<THE BORING PORTFOLIO>
A Borders Group Page Turner
by Alex Schay (TMF Nexus6)
ALEXANDRIA, VA (Nov. 20, 1998) -- Atlas has been shrugged -- we sold 150 shares at $36 15/16 on Thursday. The total return from Atlas logged in for the day prior was 62.36%, and with the closing price and attendant transaction costs we get a return of 59.67%. Now, wiping away the tears, Dale and I will turn our attention to brawny bookworm Borders Group Inc. (NYSE: BGP).
"Bad books are still books, and therefore sacred."
-- Gunther Grass (sorry about the punctuation Gunther, no German keyboards)
"Books may be sacred, but book stocks aren't."
Anonymous, sacred cow killing Fool
As confirmed bibliophiles, Dale and I think we might be able to "add some value" to any analysis of companies that sell books at the retail level. However, the perils of projecting one's own inherently limited experiences onto the world can at very least, lead to a strange conception of the world. At worst, a nightmarish dystopia emerges, populated only by characters whose emotional and intellectual make-up (and hence, decision making) mirrors your own. If this condition jibed with reality, it would make investing in consumer product companies pretty easy, but the rest of life would be mind-numbingly boring.
Sure, meaningful conclusions about mass consumption can be made for investment purposes; we're just careful not to extrapolate or generalize or universalize or engage in naive psychology without first acknowledging that we might be doing so. That having been written, let's get down to business. Why do people buy books?
Price and selection should immediately come to mind. However, the 80-20 rule is definitely in "full-effect" among the book-buying populace -- and this has been confirmed by numerous studies conducted by publishers. This cult devoted to the written word can usually be found at some retail establishment, be it a rare species of independent bookseller, or the more ubiquitous, "26,000 square foot -- mocha latte pushin' -- 20%-off hardcovers" behemoth. The emergence of a new node on the distribution chain, the online bookstore, has thrown an element of chaos into the economic equation for the bookseller. The Borders Group 10K for fiscal year 1997 was kind enough to take note of the prospects for online retail:
"Recently the Internet has emerged as an avenue for retailing in all media categories that the Company carries. In particular, the retailing of books and music over the Internet is developing rapidly. Competitors on the Internet include Amazon, Barnes & Noble, N2K, CDnow and others. The Company does not believe that sales to date on the Internet have materially affected the Company's sales, but Internet sales are expected to become more significant over time."
Understatement of the year, right!? However, as more than one commentator has opined, the book-buying experience can be likened to watching movies on VHS and at the theatre. The rise of the home-movie led many to conclude that audience size at conventional screens would take a hit. Wrong. This has yet to materialize. Similarly, legions of book fans that still need to browse, caress the spine of a book, examine the chapters, and even read (gasp) the pages, can do so by means of the conventional bricks and mortar corner store. For any true book-lover this is the only way to buy.
Of course, the severely time-constrained book lover may have a different opinion. Dale and I make almost weekly online orders, because we know what we want, we like the price, and it's really quick and easy. My own conventional store purchases have plummeted (though still high) since the advent of the online book order. Despite this, the corner store is still not going anywhere -- pun intended. More pertinent to the business model of the book giant however, is how it handles the build-to grow strategy and what the economics of these returns are. Let's take a look at some key operational metrics for Borders:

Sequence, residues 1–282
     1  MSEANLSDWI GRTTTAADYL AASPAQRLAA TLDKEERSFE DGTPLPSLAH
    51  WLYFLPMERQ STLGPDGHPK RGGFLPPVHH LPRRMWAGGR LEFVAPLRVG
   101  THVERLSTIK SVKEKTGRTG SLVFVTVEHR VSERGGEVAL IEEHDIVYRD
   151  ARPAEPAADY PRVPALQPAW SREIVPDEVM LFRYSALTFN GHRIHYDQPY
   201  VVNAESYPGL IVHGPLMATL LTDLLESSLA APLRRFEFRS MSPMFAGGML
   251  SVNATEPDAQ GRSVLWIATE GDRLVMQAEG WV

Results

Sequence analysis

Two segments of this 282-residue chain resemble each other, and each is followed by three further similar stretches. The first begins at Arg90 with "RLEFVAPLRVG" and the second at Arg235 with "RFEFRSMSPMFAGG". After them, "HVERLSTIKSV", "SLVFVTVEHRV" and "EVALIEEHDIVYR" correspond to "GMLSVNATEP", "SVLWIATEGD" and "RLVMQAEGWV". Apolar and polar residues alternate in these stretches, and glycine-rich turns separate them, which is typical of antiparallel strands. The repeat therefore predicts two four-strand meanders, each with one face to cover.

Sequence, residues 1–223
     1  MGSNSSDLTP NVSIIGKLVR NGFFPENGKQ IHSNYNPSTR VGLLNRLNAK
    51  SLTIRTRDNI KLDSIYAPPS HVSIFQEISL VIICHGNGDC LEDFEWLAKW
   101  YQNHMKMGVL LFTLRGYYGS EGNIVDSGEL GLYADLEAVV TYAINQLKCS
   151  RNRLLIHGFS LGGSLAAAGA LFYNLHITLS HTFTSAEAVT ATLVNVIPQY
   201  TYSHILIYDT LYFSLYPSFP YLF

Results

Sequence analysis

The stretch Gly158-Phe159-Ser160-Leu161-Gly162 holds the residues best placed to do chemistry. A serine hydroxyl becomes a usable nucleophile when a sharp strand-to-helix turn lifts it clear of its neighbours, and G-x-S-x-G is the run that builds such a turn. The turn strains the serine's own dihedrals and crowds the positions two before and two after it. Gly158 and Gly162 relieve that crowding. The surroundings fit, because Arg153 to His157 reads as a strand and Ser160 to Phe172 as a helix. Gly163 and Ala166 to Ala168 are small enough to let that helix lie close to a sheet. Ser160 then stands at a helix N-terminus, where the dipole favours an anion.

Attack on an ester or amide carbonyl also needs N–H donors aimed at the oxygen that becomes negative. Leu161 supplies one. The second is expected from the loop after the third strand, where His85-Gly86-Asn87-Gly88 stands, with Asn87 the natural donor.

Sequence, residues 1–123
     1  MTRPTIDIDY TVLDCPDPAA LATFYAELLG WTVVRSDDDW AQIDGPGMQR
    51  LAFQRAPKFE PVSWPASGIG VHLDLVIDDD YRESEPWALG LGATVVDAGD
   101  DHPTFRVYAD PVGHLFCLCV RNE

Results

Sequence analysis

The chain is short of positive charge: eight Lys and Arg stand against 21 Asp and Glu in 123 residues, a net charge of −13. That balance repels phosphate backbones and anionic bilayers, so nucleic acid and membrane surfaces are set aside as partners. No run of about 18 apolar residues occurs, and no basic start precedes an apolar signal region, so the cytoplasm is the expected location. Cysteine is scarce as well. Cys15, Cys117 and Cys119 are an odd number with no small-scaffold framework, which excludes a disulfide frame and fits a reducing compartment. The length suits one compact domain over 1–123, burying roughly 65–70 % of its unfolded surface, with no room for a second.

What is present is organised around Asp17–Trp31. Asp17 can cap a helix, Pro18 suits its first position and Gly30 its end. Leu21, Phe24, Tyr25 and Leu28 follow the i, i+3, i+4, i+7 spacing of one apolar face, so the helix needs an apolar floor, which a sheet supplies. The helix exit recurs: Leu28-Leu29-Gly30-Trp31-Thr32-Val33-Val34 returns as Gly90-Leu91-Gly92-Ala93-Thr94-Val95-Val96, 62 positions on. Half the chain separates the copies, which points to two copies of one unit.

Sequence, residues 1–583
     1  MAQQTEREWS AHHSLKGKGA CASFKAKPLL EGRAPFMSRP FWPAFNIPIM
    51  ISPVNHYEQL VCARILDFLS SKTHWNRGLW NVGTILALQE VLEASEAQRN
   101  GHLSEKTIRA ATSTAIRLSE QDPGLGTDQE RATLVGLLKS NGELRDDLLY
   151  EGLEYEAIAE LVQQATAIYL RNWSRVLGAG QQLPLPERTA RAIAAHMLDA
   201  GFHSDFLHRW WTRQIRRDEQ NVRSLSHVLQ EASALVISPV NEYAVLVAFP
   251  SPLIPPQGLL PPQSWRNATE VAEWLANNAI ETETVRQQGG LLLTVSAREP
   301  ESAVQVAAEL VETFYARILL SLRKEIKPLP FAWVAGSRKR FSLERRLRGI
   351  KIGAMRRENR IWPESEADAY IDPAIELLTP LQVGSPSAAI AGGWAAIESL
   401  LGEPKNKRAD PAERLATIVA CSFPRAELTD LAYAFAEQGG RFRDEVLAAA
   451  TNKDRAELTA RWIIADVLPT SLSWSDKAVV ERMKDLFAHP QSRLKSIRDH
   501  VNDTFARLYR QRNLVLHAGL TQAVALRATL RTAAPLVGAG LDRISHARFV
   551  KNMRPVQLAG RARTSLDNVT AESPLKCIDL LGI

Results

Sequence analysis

ROIC 10.55% (no conversion of operating leases to capital) Boring Ratio 5.85% Working Capital 94.90 Inventory Turnover 1.70 Capital Turnover 2.84 Days in Inventory 228.64 Day Sales Outstanding 7.99 Days in Payables 127.89 Cash Conversion Cycle 108.74 Asset Turnover 1.45 Assets/Equity 3.05 PP&E Turnover 6.20 Net Margin 3.46% ROA 5.02% ROE 15.31%
While some of these trailing metrics look solid, we need to get a sense of what the companies incremental returns have been as it continues to build locations. This discussion will continue on Wednesday of next week, along with a peer analysis. Until then, head for the Boards and have a great weekend.
- Discuss Boring Investing on the Boring Port message board.
- 10/01/98: The New Boring Port Transitions Facts
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Stock Change Bid ANDW -1 16.69 BGP +1 3/16 23.25 CSL - 5/16 45.69 CSCO +1 5/16 74.63 FCH + 3/8 22.50 PNR -1 39.31 TBY --- 7.00
Day Month Year History BORING +0.80% 6.12% -2.93% 22.14% S&P: +0.95% 5.90% 19.90% 87.18% NASDAQ: +0.44% 8.85% 22.79% 85.23% Rec'd # Security In At Now Change 6/26/96 225 Cisco Syst 23.96 74.63 211.51% 2/28/96 400 Borders Gr 11.26 23.25 106.55% 8/13/96 200 Carlisle C 26.32 45.69 73.55% 4/14/98 100 Pentair 43.74 39.31 -10.13% 5/20/98 400 TCBY Enter 10.05 7.00 -30.31% 1/21/98 200 Andrew Cor 26.09 16.69 -36.04% 11/6/97 200 FelCor Sui 37.59 22.50 -40.14% Rec'd # Security In At Value Change 6/26/96 225 Cisco Syst 5389.99 16790.63 $11400.64 2/28/96 400 Borders Gr 4502.49 9300.00 $4797.51 8/13/96 200 Carlisle C 5264.99 9137.50 $3872.51 4/14/98 100 Pentair 4374.25 3931.25 -$443.00 5/20/98 400 TCBY Enter 4018.00 2800.00 -$1218.00 1/21/98 200 Andrew Cor 5218.00 3337.50 -$1880.50 11/6/97 200 FelCor Sui 7518.00 4500.00 -$3018.00 CASH $11273.22 TOTAL $61070.09
</THE BORING PORTFOLIO>